“I was ill before the start and a weak body at that altitude is taxing. I also experienced hallucinations on the second night; it was really scary when I think about it even today. But it was a major milestone in my running career,” he says.
Through that race, he made the cut for the Spartathlon in September 2018 – a 246-km run from Athens to Sparta. But unseasonal downpour during the race sent his body into hypothermia and he eventually didn’t make the finish. He set aside the disappointment and started rebuilding once home. That December, he won his first 100 miler at the Border.
“It was a lot of structured training, understanding my calorie intake and the food that suited me on the run. The biggest transformation was that I could sustain the pace that I started off with for a longer period of time,” he says.
Most of 2019 was spent recovering from injuries, but contracting Covid-19 was a bigger setback as it kept him away from the sport for over a year. The first run in 2021 was brutal on the body.
“I felt like I had run 50km at the end of that 5km. I was unable to convince myself to run for long and had to build up gradually to regain form. A lot of people believed that I wasn’t the same runner anymore,” he says.
In search of a testing goal, Amit set his mind on the Border yet again. The social engagements were down to a trickle and he credits his wife, Gurjeet Kaur, for her unflinching support. There was a sense of relief when he blazed a trail at that race, setting a new course record of 17 hours 47 minutes and an improvement on his previous mark by close to two hours.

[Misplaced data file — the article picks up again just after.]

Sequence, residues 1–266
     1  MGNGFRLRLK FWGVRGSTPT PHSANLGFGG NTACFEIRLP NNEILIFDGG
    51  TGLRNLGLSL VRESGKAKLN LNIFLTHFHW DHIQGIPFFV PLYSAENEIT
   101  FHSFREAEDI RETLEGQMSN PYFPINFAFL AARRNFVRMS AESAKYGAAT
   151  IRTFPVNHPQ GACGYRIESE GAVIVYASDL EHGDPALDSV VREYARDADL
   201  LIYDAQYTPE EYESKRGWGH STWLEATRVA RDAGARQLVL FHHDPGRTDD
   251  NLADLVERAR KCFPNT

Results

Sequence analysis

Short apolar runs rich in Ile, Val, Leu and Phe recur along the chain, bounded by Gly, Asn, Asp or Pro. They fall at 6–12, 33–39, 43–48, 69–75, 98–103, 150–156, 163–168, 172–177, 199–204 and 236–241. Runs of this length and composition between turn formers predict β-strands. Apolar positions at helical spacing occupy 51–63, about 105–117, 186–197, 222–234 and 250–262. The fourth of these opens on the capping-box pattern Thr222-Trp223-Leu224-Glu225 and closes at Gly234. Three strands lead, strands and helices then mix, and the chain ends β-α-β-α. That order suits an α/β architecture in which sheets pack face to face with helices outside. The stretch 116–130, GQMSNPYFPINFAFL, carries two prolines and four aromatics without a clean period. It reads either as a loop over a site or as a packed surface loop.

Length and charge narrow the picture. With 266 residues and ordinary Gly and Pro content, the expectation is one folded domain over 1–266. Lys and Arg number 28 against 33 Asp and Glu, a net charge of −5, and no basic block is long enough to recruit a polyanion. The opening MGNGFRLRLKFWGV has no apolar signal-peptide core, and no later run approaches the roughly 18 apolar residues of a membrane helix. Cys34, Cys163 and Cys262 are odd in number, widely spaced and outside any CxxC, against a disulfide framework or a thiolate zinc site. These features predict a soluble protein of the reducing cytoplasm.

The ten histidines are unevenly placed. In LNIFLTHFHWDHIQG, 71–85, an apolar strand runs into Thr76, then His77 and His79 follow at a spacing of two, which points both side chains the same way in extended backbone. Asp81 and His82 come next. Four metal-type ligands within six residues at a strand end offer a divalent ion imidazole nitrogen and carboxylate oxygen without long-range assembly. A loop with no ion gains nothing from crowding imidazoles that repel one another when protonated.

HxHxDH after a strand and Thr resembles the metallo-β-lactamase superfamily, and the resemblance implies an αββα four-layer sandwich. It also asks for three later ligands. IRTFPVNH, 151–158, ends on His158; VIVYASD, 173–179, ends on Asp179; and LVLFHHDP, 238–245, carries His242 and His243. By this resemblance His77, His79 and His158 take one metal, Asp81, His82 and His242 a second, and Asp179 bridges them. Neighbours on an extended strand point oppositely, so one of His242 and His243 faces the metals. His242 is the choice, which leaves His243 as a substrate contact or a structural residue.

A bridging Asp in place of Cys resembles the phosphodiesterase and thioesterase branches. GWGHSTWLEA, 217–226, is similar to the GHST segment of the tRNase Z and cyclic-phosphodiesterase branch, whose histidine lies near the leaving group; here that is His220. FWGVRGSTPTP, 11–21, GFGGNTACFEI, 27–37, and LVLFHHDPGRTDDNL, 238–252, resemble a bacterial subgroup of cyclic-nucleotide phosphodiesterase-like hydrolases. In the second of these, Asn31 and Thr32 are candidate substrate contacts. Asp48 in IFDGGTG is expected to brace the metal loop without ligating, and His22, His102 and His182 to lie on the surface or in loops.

“Ultra running is like life – all days are not the same. There are ups and downs where at times, things don’t go as per plan. It prepares you mentally and makes you strong, knowing that you’ll recover from anything that comes your way,” he says.
Spartathlon at last
There was unfinished business on hand when he decided to line up at Spartathlon in June 2022. In preparation of the sweltering conditions in Greece, he put in long hours at training, even running under the afternoon sun during Chandigarh’s scorching summer months.
“People called me mad for running at a time of the day when you don’t see anyone on the street because of the heat,” he says.
Winning two races in the run-up to Spartathlon told him that his body was ready to take on the grind. There was also comfort in the company of two friends running alongside him. But he knew it was down to him to get to the finish this time around.
A heat stroke and dehydration on the run affected his progress, but he battled on despite the discomfort. At the point where he had dropped out in 2018, he was relieved when his mates caught up with him. The moment he kissed the statue of King Leonidas at the finish as per tradition, he knew he would be back at the race.
“It was immensely satisfying, the best moment of my life. But I realised I could have been a lot faster, so I hope to do the Spartathlon again in 2024," he says.
Besides focussing on his future goals, Amit is also working as head coach at SkechersGoRunClub Chandigarh these days, where he is training and mentoring many aspiring long distance athletes.
"Somewhere over these immense distances and long hours spent in solitude, there’s a spiritual connection that I experience. And I cannot get enough of it,” Amit says.